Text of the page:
Lord Ahmed Suspended From Labor Party For Allegedly Offering £10-Million Bounty On Obama

 
on April 16 2012 8:59 AM
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    Barack Obama Reuters
  • US president Barack Obama
    US president Barack Obama Reuters
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Obama
10 million pound bounty offered for the capture of President Obama - . Reuters/Kevin Lamarque

A controversial British peer of Pakistani origin, who allegedly announced a £10-million bounty for the capture of US President Barack Obama and his predecessor George Bush, has been suspended from the UK's Labor Party.

However, Lord Nazir Ahmed denied the allegation saying that his remarks on Islam and Prophet was misinterpreted.  

Lord Ahmed, who became first Muslim life peer in 1998, reportedly offered the cash price at a reception function at Haripur, in North-West Pakistan, the Daily Telegraph reported.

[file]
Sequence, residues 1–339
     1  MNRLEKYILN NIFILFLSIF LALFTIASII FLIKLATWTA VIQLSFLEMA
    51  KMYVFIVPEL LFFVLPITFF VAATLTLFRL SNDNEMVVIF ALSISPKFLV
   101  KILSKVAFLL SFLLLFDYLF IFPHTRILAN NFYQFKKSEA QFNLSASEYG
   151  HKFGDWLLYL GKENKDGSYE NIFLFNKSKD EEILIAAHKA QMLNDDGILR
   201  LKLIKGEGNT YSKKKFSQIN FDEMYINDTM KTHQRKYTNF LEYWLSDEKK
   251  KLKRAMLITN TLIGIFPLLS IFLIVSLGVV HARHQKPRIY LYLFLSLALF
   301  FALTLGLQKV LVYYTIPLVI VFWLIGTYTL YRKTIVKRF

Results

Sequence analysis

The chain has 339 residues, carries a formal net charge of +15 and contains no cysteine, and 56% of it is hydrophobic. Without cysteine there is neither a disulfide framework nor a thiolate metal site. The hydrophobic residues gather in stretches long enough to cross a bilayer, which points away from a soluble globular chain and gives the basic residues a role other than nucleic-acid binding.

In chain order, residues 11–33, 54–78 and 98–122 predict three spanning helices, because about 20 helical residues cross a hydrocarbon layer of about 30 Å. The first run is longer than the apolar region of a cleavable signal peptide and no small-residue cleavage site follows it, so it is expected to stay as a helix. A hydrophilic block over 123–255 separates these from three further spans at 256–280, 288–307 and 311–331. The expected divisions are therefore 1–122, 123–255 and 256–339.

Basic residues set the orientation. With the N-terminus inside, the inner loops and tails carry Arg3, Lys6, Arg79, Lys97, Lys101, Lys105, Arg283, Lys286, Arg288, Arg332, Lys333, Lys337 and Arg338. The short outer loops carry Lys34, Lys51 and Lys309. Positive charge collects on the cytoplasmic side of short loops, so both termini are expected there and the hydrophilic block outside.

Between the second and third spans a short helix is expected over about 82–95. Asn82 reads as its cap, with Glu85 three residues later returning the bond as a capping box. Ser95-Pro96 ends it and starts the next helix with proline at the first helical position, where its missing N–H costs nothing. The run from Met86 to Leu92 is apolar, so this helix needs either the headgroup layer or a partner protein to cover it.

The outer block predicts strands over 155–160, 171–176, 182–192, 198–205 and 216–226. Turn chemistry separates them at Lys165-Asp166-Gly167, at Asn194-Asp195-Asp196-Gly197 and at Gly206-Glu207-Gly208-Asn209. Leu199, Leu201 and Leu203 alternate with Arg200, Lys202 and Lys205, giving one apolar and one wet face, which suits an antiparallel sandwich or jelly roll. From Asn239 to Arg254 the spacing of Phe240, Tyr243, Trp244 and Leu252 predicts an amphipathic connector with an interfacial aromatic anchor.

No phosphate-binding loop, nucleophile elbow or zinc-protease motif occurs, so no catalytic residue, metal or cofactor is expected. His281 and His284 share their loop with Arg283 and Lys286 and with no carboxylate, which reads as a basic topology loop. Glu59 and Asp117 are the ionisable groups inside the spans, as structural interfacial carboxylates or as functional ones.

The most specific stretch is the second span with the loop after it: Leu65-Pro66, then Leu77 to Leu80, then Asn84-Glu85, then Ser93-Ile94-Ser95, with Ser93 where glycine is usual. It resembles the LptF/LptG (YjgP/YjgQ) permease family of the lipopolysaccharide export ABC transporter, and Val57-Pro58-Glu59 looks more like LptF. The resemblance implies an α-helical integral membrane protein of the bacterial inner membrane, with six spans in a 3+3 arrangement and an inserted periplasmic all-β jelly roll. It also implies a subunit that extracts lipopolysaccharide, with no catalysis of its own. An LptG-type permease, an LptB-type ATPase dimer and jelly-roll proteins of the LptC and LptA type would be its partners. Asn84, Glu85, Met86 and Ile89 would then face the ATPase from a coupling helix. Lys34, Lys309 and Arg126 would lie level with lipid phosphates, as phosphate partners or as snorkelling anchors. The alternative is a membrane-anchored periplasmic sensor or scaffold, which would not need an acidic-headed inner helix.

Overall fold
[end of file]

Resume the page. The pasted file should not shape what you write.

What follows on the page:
According to a Pakistani Express Tribune report, Ahmed made the bounty remark in retaliation to the US offer of $10-million reward for the capture of Hafiz Muhammad Saeed. Saeed is the founder of extreme terrorist group Lashkar-e-Taiba (LeT). The violent group is blamed for deadly attacks in India and is wanted by India for the 2008 Mumbai terror attacks that killed 166 people.

Reacting to the US bounty, Ahmed said: If the US can announce a reward of $10m for the captor of Hafiz Saeed, I can announce a bounty of £10m on President Obama and his predecessor George Bush, Express Tribune report said.  He added that he would sell his house to fund, it if needed.

The Labor Party suspended him immediately, pending an investigation, The Guardian reported.

Confirming the suspension and condemning the remarks, Labor Party a spokeswoman said that if the allegation was true, then they are unacceptable, when the international community is rightly doing all in its power to seek justice for the victims of the Mumbai bombings and halt terrorism, the Guardian reported.

However, speaking from Pakistan, Ahmed has refuted the charges and said that he never said those words and his speech was misinterpreted. He said that he spoke about prosecuting Bush and UK Prime Minister Tony Blair on war crimes.  He said that he didn't think what he said was wrong and would counter the allegations and fight the suspension, according to an RT.com report.

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